Yajamana Review: A mass entertainer with a social message that should appeal to all audiences
The directorial debut of popular music director V Harikrishna, this Darshan-starrer reflects a deep and genuine sincerity
Yajamana has an intelligent story with rustic roots. It is a film that questions the expansion of big brands. This forms the crux of the Darshan-starrer, which looks at the struggles of holding on to values, in the time of high-powered and unavoidable globalisation.
The directorial debut of popular music director V Harikrishna, Yajamana reflects a deep and genuine sincerity, highlighting a characteristic that is identifiable in rural India.
Devi Shetty (Thakur Anoop Singh), a business magnate in Mumbai, owns an oil company which has a presence across India, except in one village, Hulidurga. The reason? This place manufactures its own oil. Meanwhile, Krishna (Darshan), an oil extractor who grows up in the village, owns a brand called Nandi. His life, and that of everyone in the village, is disrupted when Devi tries to woo the local oil extractors to partner with his brand. Will Devi succeed? Or will Krishna fight back, build his own brand, and become the saviour of his village? This forms the crux of Yajamana.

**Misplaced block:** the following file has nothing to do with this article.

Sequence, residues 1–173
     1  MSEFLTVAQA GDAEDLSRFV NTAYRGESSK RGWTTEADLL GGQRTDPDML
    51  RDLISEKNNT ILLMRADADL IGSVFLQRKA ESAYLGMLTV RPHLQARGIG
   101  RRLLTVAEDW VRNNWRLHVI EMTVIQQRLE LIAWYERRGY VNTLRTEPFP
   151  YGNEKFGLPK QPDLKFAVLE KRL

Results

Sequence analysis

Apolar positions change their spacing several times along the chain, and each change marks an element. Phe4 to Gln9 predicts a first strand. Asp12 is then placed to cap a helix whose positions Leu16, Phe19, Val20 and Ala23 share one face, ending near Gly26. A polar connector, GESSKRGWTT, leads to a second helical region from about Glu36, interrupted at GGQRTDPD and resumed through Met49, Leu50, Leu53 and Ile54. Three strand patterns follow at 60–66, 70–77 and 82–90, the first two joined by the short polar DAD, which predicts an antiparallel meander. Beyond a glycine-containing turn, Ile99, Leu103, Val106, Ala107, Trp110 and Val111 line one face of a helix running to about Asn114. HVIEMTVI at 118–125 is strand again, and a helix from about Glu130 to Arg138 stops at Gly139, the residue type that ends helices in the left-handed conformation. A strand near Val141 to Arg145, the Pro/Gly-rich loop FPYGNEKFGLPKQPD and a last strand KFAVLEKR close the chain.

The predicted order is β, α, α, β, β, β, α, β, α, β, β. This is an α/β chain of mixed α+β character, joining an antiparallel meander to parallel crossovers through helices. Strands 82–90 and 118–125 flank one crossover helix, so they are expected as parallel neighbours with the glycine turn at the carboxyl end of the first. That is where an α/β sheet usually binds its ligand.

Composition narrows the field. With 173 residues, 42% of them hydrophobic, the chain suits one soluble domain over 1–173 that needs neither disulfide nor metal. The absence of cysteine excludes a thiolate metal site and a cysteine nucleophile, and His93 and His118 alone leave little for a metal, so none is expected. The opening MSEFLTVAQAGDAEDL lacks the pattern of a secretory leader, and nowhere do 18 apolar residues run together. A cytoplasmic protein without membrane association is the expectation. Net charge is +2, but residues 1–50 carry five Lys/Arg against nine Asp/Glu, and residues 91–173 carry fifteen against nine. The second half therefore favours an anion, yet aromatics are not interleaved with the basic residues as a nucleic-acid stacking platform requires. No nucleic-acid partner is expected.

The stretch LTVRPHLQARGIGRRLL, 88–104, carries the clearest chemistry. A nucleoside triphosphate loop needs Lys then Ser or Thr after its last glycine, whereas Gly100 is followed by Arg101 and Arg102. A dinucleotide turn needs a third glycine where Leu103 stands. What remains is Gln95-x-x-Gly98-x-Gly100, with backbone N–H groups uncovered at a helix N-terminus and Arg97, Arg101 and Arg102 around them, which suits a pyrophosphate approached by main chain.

Director: V Harikrishna
Cast: Darshan, Rashmika Mandanna, Tanya Hope, Thakur Anoop Singh
Harikrishna sends across a strong message with a simple story. The glorification of the subject is brought out through the dialogues written by Chethan Kumar. Special mention needs to be made about the sets created by Shashidhar Adapa and the rich production values. Cinematographer Shreesha Kuduvalli, too, has done well. However, the pacing is off, and the film slows down on more than one occasion. A better job by the editing department could have made a lot of difference.
Darshan delivers a class act in Yajamana, and his performance is sure to linger in the minds of the audience. Rashmika Mandanna is impressive as Darshan's love interest and performs well as Kaveri, a village girl. Tanya Hope, in her debut, makes her presence felt in the role of a journalist. Dhananjay’s character is interesting and we wish he'd been given more screen space. While Devaraj and Dattanna play vital roles, Ravi Shankar’s role is cliched. Sadhu Kokila, Shivaraj KR Pete, Mandya Ramesh, Sanju Bassaiah and Hitesh do their bit to provide comic relief.
Harikrishna, who has also scored the music, does an excellent job with the songs, especially Shivanandi and Nintha Nodo Yajamana. Ondu Munjane is a soothing romantic track, while the peppy song, Bassani Ba, is sure to appeal to the masses.
Yajamana does make us give serious thought to globalisation and monopoly, and with both mass and class elements, it should work well for all kinds of audiences.